I was pleased to be invited to give a talk at the EIT Food conference on the future of food last Thursday where the organisers had given me the very ambitious title at the head of this post. I reproduce below the talk as I presented it, with one small modification. The great advantage of attending a conference of this kind is that one is alerted to new perspectives and new angles and, in the light of listening to some of the other excellent contributions to the conference, I slightly nuanced one of my conclusions below (I note the specific change at the end of this post).
My key message is that there are inevitable trade-offs in the transition to a sustainable food system, but that the discourse around a threat to food security is not helpful or correct and masks other trade-offs which policymakers should address more directly. I have included the slides in this blog post, but the presentation can also be downloaded directly if anyone is interested.
In my talk, I want to examine our state of food security, the challenge of achieving more sustainable food system outcomes where I focus on avoiding health and environmental damage, recognizing that sustainability also has economic and social dimensions, and I will conclude with some ideas on how to address the inevitable trade-offs that will accompany this transition.
Ensuring food security for its population is one of the basic obligations of governments. In recent months, we have seen increasing focus on actual and potential challenges to food security in Europe and abroad. Geo-political tensions, rising commodity prices such as for rice, and fears about the potential impact of El Niño are fuelling these concerns.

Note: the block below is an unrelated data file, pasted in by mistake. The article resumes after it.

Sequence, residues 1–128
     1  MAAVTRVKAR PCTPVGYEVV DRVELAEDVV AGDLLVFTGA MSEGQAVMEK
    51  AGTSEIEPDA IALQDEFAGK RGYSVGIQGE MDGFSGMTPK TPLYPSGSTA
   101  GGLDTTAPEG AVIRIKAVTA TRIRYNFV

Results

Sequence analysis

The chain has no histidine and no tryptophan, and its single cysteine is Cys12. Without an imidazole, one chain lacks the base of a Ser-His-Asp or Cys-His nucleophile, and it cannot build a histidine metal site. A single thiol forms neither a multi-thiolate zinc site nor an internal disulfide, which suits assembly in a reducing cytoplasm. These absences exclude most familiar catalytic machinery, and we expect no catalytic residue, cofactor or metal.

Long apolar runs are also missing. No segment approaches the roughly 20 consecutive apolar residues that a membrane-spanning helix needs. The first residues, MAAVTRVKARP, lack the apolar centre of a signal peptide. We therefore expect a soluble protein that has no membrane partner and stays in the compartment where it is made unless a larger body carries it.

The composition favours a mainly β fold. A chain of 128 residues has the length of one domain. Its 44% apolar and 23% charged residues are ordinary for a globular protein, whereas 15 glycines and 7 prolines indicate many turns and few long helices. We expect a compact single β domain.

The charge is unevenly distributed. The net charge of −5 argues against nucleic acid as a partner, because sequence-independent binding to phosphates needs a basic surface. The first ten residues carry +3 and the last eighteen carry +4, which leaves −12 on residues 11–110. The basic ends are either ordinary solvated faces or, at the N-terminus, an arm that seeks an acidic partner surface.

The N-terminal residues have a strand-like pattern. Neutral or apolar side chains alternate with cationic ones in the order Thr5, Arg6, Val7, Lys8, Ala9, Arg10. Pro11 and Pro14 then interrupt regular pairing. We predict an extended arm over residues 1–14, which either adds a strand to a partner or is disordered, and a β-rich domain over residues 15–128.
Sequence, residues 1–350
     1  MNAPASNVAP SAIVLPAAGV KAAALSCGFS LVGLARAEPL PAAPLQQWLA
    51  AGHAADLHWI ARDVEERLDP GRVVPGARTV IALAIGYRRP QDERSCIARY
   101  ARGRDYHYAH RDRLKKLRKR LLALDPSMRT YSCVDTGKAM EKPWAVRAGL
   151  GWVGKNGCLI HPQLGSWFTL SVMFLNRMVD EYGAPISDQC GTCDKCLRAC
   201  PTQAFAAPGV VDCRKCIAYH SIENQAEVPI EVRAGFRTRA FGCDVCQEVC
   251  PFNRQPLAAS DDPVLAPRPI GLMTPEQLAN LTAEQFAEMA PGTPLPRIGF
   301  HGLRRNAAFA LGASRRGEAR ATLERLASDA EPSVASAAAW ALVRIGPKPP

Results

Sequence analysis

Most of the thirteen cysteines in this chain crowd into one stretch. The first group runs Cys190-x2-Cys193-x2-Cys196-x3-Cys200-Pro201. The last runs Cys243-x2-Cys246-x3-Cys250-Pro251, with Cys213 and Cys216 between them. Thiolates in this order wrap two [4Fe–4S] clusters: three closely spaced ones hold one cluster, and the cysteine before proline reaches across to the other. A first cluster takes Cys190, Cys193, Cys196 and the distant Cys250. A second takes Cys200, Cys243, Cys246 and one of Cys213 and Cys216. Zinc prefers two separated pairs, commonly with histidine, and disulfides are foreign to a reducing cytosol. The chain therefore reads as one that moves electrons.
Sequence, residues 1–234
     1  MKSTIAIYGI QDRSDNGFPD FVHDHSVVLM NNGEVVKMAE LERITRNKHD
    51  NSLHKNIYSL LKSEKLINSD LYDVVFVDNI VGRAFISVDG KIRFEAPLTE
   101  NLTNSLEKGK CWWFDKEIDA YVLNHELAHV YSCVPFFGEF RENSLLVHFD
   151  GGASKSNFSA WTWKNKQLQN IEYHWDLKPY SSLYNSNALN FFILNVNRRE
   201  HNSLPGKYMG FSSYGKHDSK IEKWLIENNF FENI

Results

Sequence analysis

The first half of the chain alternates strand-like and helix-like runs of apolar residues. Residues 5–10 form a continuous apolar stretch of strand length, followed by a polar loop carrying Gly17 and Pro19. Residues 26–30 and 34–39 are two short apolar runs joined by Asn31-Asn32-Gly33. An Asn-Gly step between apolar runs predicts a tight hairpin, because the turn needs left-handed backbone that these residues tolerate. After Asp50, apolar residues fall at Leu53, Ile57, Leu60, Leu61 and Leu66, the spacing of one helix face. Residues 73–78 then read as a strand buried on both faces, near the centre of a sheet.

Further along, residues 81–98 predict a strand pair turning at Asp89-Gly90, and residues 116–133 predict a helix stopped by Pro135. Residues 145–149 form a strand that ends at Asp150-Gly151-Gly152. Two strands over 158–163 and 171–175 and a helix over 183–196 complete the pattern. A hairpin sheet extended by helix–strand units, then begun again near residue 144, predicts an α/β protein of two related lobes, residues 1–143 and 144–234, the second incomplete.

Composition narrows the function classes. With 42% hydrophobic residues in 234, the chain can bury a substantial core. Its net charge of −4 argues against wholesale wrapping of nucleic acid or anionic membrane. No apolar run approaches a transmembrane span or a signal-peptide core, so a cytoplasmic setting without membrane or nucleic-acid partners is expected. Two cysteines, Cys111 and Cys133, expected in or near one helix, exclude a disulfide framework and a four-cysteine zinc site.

These concerns are now being used to argue that the European Union should slow down or even abandon initiatives proposed under the umbrella of the European Green Deal to transform its food system in a more sustainable direction and with better outcomes for human and planetary health.
I want to suggest that the discourse around food security in the EU has little to do with ensuring that ‘all people, at all times, have physical and economic access to sufficient, safe and nutritious food that meets their dietary needs’, to quote the FAO definition.
Instead, the food security discourse masks fears that the sustainability agenda will adversely affect the competitiveness of European farming, with negative implications for jobs and livelihoods in the sector and particularly in rural areas, could lead to the off-shoring of environmental problems, and as well contribute to higher food prices at a time when governments are still struggling with food price inflation.